All photos from this series can be found at: http://www.facebook.com/media/set/?set=a.377490088938601.88824.144692655551680&type=3
Sunday, April 15, 2012
Monday, March 19, 2012
We have been hard at work recently trying to put together a portfolio for the upcoming Local Art in the Highlands: Womanly Art Show on May 12. We asked each of our models to bring with them something that represents who they are as a person or their occupation. We had one model, Kristy, ask if paint brushes would be a good prop to use since she was an artist. Paint brushes would have been a great prop but we had a better idea. We wanted to throw some paint on her!
Paint splatter photography is a whole new thing for us and we were so excited. It was going to be big day of experiments and messes. Because there are so many ways to do paint splatter and we didn’t want to have to hose down our model between different splatter processes, we called up another fantastic model, Bridget. Both girls were amazing and we think Bridget may be a front runner for our annual Pin-up Girl contest this summer so anyone else looking forward to that event should probably start practicing those poses now!
As mentioned, this was a day of experiments. We watered down tempera paint to dump, squirt, and throw onto our models. Squirting paint wasn’t the greatest. The impact is really fast and hard to capture, plus is it is very condensed and a lot like being sprayed with a super soaker. Our models were great, though, and hardly even flinched. Throwing paint from a cup onto the models seemed to work a little better. There was a bigger splash, the paint moved slower so it was easier to time a shot, and it probably wasn’t as much of a shock to the models. We really wanted to make a rainbow waterfall that poured over our models so we made a nifty little contraption that would allow us to pour all the colors over the models at one time. It’s amazing what you can do with a couple of cups, some duct tape, and a piece of tubing!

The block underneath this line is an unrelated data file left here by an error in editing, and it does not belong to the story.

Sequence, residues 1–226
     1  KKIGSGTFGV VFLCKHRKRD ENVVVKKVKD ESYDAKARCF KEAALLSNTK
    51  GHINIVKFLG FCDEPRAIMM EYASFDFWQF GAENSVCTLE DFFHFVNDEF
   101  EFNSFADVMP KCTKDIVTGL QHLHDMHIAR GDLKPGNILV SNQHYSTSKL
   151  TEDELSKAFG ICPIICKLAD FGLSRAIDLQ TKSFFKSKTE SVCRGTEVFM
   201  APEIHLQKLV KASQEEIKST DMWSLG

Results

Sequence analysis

The last style we tried for the day was dry paint. This proved to be the most difficult and we weren’t really sure what looked better: the cloud of paint powder, the impact of it hitting the models, or just the powder on the models afterward. Since it was powder, there was also the fear of getting it in everyone’s eyes and mouths. By the way, when trying to blow powder onto someone, keep the powder away from your mouth when you take in your big breath of air (it’s not very fun to suck a bunch of paint powder down your throat!). We tried packing a straw full of powder and blowing it out, but it was too hard to blow out of the straw. Next we tried a piece of ¾” tubing, but the effect wasn’t what we wanted. We had a thick piece of paper that was folded into a V, which gave us a really big cloud but not much of an impact when it hit the models. As a last attempt to get something with the powder we just threw handfuls of paint powder. This gave us a cloud and some impact. Sometimes it is just that simple! We have heard that chalk powder works better for this kind of shoot. If there are any other techniques or tricks that could make this work better then please let us know.